Tighter AuctionsPlus year for cattle turnover, but improved for sheep

Jon Condon, 20/03/2014


NOT surprisingly, the AuctionsPlus online livestock marketing platform recorded a reduced turnover for cattle last year, while sheep numbers produced a solid gain.

AuctionsPlus has a reputation for being most popular on a rising or solid cattle market, while listing support tends to dry-up during declining or poor market conditions.

While the AuctionsPlus business trades on a July-June cycle, last calendar year, cattle turnover was down about 25 percent on the previous year to a little under 200,000 head, general manager Gary Dick told Beef Central yesterday. The best years earlier have seen around 250,000 head sold through the online platform.

In contrast, sheep numbers for the period July 2013 to date are up close to 500,000 head on the same period the year before, at close to two million head. Some months have been up 50,000-60,000 on year earlier figures.

“Even when it was dry, our sheep clearances and prices have been excellent. Obviously there’s a strong demand out thee for good ewes,” Mr Dick said.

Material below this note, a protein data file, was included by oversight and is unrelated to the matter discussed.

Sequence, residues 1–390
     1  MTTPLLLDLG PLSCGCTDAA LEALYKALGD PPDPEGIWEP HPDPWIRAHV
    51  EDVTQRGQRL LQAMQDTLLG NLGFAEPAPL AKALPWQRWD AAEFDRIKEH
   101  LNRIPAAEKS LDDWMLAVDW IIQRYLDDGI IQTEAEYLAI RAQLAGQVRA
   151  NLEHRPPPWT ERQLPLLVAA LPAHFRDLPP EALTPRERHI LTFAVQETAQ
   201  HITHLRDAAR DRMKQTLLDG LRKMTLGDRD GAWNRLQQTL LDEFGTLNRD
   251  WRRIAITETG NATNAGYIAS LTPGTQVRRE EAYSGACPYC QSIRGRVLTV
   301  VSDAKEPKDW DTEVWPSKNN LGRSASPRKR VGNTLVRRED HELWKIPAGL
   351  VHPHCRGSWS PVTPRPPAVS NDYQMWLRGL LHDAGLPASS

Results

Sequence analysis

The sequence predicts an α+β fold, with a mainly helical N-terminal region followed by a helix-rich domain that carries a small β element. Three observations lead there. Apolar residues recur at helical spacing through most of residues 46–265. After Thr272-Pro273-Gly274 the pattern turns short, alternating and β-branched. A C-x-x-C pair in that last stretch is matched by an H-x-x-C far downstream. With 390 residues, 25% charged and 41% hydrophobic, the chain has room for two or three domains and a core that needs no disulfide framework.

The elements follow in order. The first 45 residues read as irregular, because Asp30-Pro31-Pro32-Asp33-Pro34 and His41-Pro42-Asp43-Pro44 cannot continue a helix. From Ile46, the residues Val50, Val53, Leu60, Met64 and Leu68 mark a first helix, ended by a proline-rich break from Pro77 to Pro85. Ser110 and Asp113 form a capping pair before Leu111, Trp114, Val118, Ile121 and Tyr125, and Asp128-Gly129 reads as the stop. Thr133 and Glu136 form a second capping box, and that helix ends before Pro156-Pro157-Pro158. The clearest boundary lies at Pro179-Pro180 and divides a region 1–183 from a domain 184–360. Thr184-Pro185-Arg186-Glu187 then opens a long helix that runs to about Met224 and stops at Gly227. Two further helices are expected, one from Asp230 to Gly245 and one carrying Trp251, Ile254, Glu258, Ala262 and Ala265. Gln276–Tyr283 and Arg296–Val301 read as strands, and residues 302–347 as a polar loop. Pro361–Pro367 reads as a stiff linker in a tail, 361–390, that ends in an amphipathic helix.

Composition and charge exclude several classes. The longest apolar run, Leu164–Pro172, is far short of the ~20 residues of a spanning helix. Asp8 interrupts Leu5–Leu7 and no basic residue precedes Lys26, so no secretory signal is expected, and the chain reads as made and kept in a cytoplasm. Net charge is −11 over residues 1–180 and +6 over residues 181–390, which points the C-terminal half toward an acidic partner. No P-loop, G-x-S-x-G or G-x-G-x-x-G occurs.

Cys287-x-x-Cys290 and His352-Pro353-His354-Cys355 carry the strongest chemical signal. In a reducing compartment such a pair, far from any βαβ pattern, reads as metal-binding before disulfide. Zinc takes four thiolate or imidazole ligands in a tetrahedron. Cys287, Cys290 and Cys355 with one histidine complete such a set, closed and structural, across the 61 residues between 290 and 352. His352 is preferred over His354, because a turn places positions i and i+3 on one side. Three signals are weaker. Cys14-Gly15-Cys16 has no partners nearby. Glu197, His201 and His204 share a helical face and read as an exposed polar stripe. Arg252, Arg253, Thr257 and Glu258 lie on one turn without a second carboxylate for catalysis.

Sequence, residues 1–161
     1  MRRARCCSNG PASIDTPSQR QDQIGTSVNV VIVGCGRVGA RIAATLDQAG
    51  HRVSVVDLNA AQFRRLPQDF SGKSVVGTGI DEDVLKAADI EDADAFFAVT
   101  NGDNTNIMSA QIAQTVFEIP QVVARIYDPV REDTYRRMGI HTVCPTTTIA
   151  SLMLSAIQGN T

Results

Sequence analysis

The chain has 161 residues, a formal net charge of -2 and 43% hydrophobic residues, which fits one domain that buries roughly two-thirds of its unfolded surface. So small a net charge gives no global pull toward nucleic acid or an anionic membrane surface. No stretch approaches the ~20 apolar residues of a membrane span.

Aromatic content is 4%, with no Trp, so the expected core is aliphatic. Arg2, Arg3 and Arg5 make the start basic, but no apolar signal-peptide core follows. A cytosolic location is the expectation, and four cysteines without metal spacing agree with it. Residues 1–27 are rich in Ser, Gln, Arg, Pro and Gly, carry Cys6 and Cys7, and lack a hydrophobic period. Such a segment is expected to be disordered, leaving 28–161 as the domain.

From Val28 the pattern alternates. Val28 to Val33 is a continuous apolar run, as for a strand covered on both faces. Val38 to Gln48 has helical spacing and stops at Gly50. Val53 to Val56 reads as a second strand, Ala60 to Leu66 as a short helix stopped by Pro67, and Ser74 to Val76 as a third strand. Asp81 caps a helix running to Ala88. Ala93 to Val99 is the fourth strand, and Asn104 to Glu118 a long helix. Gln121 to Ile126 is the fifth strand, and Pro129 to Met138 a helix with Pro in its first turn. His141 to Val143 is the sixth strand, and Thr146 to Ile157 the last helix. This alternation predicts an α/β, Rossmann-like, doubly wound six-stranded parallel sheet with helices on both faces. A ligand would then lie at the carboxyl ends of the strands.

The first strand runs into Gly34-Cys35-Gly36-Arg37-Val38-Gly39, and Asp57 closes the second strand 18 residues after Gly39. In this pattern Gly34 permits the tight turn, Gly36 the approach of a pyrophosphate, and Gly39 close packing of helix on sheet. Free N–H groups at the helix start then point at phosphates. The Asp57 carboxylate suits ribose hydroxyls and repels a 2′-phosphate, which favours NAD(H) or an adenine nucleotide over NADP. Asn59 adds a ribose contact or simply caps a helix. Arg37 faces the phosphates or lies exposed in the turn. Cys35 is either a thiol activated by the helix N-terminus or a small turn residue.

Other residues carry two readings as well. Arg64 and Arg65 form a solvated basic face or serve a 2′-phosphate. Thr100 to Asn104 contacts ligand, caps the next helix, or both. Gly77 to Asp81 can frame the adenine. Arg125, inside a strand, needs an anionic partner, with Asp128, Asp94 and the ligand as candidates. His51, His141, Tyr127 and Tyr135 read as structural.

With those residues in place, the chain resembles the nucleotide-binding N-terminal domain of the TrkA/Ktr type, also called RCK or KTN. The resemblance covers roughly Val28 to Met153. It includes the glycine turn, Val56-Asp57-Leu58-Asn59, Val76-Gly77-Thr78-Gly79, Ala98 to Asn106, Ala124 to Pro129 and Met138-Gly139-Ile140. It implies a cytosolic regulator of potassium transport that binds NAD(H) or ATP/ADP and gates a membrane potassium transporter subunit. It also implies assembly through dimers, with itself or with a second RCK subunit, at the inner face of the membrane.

OJD factor in trading

An interesting point to note has been the strong demand for Queensland-bred sheep recently, shifting into southern states because of Ovine Johnes Disease (OJD) management issues.

When the season broke in South Australia, for example, local woolgrowers could not buy sheep in Victoria of NSW because of OJD rule changes, making Queensland sheep suddenly popular for restocking.

Mr Dick estimated the ‘OJD factor’ premium at between $10 to $15 a head for Queensland sheep, excluding freight, which was probably worth another $10-$15 a head.